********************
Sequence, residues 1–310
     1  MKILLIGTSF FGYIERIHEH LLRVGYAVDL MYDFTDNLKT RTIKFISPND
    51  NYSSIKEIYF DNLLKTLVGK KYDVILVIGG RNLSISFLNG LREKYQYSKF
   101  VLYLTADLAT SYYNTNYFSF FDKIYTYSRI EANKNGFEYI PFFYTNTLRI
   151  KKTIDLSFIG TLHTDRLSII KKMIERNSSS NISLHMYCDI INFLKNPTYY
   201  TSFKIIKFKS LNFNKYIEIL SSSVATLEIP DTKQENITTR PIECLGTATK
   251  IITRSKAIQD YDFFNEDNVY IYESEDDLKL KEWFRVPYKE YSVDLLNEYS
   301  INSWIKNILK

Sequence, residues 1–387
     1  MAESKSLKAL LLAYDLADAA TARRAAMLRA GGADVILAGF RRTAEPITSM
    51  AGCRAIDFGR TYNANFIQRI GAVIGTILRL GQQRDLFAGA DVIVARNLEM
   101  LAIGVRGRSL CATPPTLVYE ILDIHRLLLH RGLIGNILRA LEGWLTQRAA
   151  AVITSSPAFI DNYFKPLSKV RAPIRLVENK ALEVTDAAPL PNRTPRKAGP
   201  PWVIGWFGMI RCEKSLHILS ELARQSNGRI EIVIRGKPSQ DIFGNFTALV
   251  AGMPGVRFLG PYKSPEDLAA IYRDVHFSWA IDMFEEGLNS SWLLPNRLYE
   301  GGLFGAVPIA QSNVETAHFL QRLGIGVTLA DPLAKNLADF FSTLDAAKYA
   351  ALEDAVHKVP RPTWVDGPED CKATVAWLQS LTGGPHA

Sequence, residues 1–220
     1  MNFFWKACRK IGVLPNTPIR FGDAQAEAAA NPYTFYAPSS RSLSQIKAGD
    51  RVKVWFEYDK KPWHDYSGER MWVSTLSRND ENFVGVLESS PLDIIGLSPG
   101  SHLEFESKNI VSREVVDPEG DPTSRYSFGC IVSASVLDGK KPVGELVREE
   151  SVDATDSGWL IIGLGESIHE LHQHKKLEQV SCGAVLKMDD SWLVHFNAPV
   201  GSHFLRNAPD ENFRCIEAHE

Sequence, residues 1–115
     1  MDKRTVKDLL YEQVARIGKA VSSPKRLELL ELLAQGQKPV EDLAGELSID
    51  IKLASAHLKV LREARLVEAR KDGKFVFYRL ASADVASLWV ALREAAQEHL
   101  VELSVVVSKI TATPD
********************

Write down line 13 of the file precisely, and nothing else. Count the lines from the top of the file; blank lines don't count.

   151  AVITSSPAFI DNYFKPLSKV RAPIRLVENK ALEVTDAAPL PNRTPRKAGP